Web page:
Slope failures of volcanic edifices produce a wide spectrum of instability phenomena, from small rock-falls to large-scale slope deformation, eventually evolving in rock-slides or debris avalanches With the aim of understanding the relationship between geomorphologic evolution and slope instability at Stromboli volcano (Italy), displacement data from X-band, space-borne, COSMO-SkyMed satellites (CSK-SAR) and a permanent-sited, Ground Based Interferometric Synthetic Aperture Radar (GBInSAR) device were analysed. To track lithological and geomorphological changes in space and time, the evolution of reflectivity (amplitude) of CSK-SAR were also examined. This study is focussed on Stromboli (Italy) volcano, optimal environmental setting and case history of volcano slope instability phenomena, since: i) it experienced moderate to major instability events, ii) its slopes are prone to mass-wasting phenomena, iii) it is affected by persistent volcanic activity that can significantly affect the stability of slopes, iv) landslides from its flanks could generate tsunamis that could affect areas inhabited, and iv) it is one of the best studied and, among all, monitored volcanoes on Earth, providing exceptional validation data and ground-truth constrains. GBInSAR data were collected every 11 minutes in the period 1 January 2010 – 18 December 2014, whereas the CSK-SAR images were collected between 22 February 2010 and 18 December 2014. Multi-Temporal InSAR (MT-InSAR) algorithms were used for both CSK-SAR and GBInSAR datasets. Backscattered intensity of each CSK-SAR image was transformed in amplitude image and then decibel scaled. In order to detect and interpret changes in land-cover in correspondence of the SdF slope, two steps were applied in the employed procedure: i) RGB colour composites, and rationing, ii) texture analysis, using the GLCM (Grey Level Co-occurrence Matrix) method. The analysis of the entire dataset cover a period characterized by “normal” Strombolian activity, punctuated by episodes of “high-intensity activity”, with the occurrence of overflows from the crater terrace toward the Sciara del Fuoco (SdF), and the 2014 flank eruption. This study highlights that during periods characterized by "normal" Strombolian activity, the production of materials ejected from the crater terrace to the SdF is generally low, and erosion is the prevailing process, mainly affecting the central portion of the SdF. GBInSAR apparatus allows for the identification of very low displacement rates (0.01–0.001 mm/h) related to the creep of the northern sector of the SdF. After the emplacement of the 2014 lava field, high displacements in the area located between the central and the northern portions of the SdF were recorded. The lava accumulation on the SdF slope, especially between its northern and central portions, has favoured the detection of slope instability due to the difference in the involved material (lava flows and breccia layers vs volcaniclastic loose deposits) below the newly emplaced lava.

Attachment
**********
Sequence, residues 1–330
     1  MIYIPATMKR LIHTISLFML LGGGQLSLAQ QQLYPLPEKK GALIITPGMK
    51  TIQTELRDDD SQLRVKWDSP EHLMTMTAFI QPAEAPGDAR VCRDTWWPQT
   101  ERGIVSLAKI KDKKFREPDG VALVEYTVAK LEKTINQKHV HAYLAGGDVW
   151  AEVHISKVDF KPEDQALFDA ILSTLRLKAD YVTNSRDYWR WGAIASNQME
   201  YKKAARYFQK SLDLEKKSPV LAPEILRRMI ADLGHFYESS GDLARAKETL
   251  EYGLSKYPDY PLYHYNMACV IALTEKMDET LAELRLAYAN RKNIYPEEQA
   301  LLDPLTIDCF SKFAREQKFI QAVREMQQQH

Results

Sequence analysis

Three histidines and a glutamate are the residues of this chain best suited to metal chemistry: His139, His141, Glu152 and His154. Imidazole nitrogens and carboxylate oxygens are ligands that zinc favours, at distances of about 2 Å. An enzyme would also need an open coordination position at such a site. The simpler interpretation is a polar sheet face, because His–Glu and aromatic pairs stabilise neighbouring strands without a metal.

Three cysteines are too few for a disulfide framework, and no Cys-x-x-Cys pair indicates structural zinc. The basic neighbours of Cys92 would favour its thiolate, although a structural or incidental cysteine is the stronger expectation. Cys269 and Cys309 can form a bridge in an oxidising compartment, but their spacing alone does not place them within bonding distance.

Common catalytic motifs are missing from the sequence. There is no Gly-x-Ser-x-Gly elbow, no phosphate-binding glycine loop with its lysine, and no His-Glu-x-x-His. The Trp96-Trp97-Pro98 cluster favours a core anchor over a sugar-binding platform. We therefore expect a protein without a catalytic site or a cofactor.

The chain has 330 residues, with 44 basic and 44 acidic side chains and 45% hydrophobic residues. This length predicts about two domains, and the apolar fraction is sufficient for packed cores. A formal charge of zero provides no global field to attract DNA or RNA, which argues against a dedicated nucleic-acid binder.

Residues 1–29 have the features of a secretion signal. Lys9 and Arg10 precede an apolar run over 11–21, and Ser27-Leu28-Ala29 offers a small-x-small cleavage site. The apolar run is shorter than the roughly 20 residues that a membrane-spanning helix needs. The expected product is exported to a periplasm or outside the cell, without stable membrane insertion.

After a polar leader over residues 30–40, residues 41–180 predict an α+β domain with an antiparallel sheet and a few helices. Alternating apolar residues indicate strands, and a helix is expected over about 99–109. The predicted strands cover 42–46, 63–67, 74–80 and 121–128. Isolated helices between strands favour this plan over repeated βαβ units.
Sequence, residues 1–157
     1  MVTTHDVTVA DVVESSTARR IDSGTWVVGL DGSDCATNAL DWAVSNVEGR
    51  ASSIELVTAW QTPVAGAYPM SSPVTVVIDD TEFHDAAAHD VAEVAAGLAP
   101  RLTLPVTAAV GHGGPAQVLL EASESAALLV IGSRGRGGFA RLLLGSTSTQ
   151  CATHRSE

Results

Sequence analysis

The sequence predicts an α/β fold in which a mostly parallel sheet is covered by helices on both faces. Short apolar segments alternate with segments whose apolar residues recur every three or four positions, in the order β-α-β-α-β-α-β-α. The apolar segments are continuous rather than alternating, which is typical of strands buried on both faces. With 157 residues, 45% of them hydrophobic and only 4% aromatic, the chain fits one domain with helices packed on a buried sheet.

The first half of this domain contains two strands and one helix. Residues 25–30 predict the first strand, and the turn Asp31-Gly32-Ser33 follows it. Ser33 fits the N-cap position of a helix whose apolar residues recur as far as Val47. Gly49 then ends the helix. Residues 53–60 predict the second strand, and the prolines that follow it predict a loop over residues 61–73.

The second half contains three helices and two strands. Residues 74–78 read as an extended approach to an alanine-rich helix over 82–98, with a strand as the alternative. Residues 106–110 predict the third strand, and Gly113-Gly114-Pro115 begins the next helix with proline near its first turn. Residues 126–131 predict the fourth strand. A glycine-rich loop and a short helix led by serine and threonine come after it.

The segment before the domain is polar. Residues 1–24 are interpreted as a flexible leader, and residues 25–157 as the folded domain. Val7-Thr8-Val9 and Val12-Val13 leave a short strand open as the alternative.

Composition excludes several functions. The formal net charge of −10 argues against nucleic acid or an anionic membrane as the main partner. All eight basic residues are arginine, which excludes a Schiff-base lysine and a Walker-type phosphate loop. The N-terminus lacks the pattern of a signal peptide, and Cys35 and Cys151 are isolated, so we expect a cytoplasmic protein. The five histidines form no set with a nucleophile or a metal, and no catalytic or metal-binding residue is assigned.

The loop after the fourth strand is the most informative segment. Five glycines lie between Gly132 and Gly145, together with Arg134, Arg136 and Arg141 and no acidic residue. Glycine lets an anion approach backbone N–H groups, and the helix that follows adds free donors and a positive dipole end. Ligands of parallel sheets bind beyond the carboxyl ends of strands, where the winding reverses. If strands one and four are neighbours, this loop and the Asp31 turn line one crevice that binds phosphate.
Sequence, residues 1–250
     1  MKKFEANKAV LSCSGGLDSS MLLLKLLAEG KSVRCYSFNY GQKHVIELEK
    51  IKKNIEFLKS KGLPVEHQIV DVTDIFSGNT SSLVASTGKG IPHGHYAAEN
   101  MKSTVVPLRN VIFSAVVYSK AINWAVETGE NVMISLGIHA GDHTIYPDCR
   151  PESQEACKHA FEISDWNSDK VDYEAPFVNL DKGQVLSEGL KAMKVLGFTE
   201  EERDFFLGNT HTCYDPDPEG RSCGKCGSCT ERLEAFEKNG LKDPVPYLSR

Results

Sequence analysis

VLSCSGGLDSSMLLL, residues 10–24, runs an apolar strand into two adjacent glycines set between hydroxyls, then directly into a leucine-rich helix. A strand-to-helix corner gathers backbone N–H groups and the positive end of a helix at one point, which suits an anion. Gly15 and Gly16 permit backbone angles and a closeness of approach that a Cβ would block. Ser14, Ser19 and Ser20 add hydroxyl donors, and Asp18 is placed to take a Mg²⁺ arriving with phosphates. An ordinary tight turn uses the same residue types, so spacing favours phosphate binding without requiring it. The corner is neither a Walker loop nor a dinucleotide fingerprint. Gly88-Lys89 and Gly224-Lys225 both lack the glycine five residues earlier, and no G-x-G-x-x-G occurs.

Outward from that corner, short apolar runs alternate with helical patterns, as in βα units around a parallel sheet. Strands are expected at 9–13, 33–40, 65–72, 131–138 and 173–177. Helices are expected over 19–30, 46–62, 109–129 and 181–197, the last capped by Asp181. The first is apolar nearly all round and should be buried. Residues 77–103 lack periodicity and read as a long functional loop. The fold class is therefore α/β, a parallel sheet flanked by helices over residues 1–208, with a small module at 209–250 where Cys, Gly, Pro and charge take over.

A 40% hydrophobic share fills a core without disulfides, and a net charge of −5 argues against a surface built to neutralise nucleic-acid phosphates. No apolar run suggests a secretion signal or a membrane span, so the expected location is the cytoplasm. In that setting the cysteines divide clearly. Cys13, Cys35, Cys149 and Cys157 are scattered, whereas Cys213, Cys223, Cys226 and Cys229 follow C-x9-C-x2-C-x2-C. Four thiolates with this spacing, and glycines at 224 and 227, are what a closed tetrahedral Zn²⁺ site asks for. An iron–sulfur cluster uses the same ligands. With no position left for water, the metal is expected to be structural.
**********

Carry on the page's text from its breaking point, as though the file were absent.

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Utilizza questo identificativo per citare o creare un link a questo documento: http://hdl.handle.net/20.500.14083/14062